Other studies have also shown the anticancer effects of a keto diet in combination with caloric restriction. For example, one such combination reduced the growth rate of a type of childhood cancer known as neuroblastoma and also prolonged survival in mice.17
Interestingly, these neuroblastoma cells showed low levels of mitochondrial metabolism as predicted by the Warburg effect.
Similarly, mice with a type of brain tumor known as malignant glioma lived longer when fed a keto diet, relative to control animals on a standard diet. The combination of the keto diet plus radiation therapy was seen to be additive, indicating that ketosis significantly enhances the anti-tumor effects of radiation.18
In a 2013 laboratory study, a keto diet alone was shown to significantly reduce blood glucose, slow tumor growth, and increase survival time by 56.7% in mice with systemic metastatic cancer.19 Metastatic cancers are cancers that can migrate from their place of origin to other areas of the body via the bloodstream or lymph.
Further, combining the keto diet with hyperbaric oxygen therapy was seen to lead to a further reduction in blood glucose, tumor growth rate, and a nearly 78% increase in mean survival time of these mice, relative to controls.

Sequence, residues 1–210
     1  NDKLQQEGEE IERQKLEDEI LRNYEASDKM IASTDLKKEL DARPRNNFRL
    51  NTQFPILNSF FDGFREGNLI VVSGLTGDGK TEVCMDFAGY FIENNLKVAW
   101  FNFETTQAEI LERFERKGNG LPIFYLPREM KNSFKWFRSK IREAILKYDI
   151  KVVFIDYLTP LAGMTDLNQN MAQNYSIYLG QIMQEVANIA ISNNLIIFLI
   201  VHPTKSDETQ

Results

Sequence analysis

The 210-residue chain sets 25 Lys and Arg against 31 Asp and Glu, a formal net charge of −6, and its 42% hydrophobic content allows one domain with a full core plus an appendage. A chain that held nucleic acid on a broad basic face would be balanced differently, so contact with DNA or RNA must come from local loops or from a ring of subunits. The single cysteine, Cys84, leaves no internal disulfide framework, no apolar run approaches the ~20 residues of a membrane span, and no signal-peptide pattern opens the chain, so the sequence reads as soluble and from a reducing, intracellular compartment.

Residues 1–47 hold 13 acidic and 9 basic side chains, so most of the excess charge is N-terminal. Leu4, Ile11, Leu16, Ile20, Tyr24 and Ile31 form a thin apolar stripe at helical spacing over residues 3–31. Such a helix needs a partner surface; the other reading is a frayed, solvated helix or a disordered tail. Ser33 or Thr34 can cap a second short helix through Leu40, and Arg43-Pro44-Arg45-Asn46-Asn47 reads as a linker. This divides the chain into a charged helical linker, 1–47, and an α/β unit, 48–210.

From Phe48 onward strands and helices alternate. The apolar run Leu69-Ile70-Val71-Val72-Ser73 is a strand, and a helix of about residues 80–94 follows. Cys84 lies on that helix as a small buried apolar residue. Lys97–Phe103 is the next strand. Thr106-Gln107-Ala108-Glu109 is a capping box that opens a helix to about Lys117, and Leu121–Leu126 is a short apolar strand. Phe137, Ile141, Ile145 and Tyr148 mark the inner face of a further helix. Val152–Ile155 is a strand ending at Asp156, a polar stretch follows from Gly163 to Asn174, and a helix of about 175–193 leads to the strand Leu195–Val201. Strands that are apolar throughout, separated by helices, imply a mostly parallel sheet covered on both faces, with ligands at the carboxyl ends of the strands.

Hyperbaric oxygen therapy involves breathing pure oxygen in a pressurized room or tube and is a well-established treatment for decompression sickness after scuba diving. Hyperbaric oxygen therapy is also used to treat serious infections, bubbles of air in blood vessels, and wounds that don’t heal as a result of diabetes or radiation injury.
Similarly, in a 2015 study, mice receiving a combination of hyperbaric oxygen and dietary ketone supplementation showed a clear reduction in tumor growth rate and metastasis.20 Also, these mice lived twice as long as control animals. Based on these results, the study authors state that further investigation into the effectiveness of this combination therapy as a potential treatment for late-stage metastatic cancers is urgently required.
Dietary ketone supplementation has been shown to lower growth rate and survival of highly metastatic cancer cells implanted into mice and prolong their lifespan, even in the presence of high glucose.21
Last but not least, a meta-analysis of 12 studies on the effects of keto diets on mouse models of cancer concluded that “there was an overall tumor growth delaying effect of unrestricted KDs (keto diets) in mice”.22